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All about pain

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    All about pain

    All about pain
    Thursday December 21 2006 18:31 IST Pain is a universal experience. We all feel it, whether it’s the sharp, stabbing pain of a twisted ankle or the deep, throbbing pain of a headache that won’t quit. Pain knows no age limit - it affects us from infancy through old age.

    Sensitivity to pain is complex and varies from person to person. An experience that for one person causes immediate, excruciating pain may for another result in only minor discomfort. And this varied sensitivity can sometimes make pain hard to describe.

    The degree to which you feel pain and how you react to it are the results of your biological, psychological and cultural makeup. And your past encounters with painful injury or illness also can have an influence on your sensitivity to pain.

    There are times when pain can be useful almost protective- such as when it warns you that the hot skillet you’ve just picked up will burn your hand if you don’t put it down quickly.

    But other pain - the day-after-day chronic ache of arthritis or the constant throbbing of a headache - seems to serve no useful purpose. And its relentlessness can be overwhelming.

    When pain persists beyond the time expected for an injury to heal or an illness to end, it can become a chronic condition. No longer is the pain viewed as just the symptom of another disease, but as an illness unto itself.

    This type of pain is commonly referred to as chronic pain or chronic non cancer pain in order to distinguish it from cancer (malignant) pain. It may also be sign by the American pain society, and doctors are urged to assess their patients for pain every time they check them for pulse, blood pressure, body temperature and respiration.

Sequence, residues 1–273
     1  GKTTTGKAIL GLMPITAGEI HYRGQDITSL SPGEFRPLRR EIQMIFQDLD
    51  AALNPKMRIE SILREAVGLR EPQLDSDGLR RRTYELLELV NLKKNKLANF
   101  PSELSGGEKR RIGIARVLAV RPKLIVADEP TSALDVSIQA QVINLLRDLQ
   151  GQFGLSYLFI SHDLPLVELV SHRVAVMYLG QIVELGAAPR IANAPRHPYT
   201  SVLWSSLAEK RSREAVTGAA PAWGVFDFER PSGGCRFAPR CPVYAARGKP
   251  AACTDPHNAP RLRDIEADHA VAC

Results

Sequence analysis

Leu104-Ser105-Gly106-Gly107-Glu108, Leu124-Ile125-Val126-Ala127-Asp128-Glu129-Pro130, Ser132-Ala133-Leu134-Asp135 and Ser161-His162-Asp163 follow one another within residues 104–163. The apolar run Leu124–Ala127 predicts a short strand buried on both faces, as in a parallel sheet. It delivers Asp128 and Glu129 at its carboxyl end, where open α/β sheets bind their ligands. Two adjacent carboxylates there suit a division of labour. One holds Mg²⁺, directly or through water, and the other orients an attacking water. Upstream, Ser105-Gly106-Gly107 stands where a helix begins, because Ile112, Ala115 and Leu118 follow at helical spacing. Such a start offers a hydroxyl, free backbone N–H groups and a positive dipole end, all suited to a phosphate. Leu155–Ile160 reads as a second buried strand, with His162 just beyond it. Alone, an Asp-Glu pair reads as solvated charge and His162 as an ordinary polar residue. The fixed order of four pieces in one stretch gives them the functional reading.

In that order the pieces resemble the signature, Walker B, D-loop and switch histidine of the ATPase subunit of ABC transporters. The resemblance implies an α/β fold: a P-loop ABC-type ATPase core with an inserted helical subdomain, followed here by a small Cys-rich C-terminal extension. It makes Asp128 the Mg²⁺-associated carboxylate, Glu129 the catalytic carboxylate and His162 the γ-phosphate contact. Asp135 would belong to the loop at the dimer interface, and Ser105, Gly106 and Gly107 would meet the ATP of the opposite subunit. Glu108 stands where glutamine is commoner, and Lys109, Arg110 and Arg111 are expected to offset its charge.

How you feel pain

    Understanding how your body feels pain can help you appreciate how you experience pain. It can also help you appreciate how you experience pain. It can also help better understand why chronic pain is often difficult to treat.

    Pain basically results from a series of electrical and chemical exchanges involving three major components: your peripheral nerves, spinal cord and brain.

    Your peripheral nerves

    Your peripheral (pe-RIF-er-ul) nerves encompass a network of nerve fibers that branches throughout your body. Attached to some of these fibers are special nerve endings that can sense an unpleasant stimulus, such as cut, burn or painful pressure. These nerve endings are called nociceptors (no-sih-SEPturs).

    You have millions of nociceptors in your skin, bones, joints and muscles and in the protective membrane around your internal organs. Nociceptors are concentrated in areas more prone to injury, such as your fingers and toes. That’s why a splinter in your finger hurts more than one in your back or shoulder. There may be as many as 1,300 nociceptors in just 1 square inch of skin.

    Thank you for the education. Scott.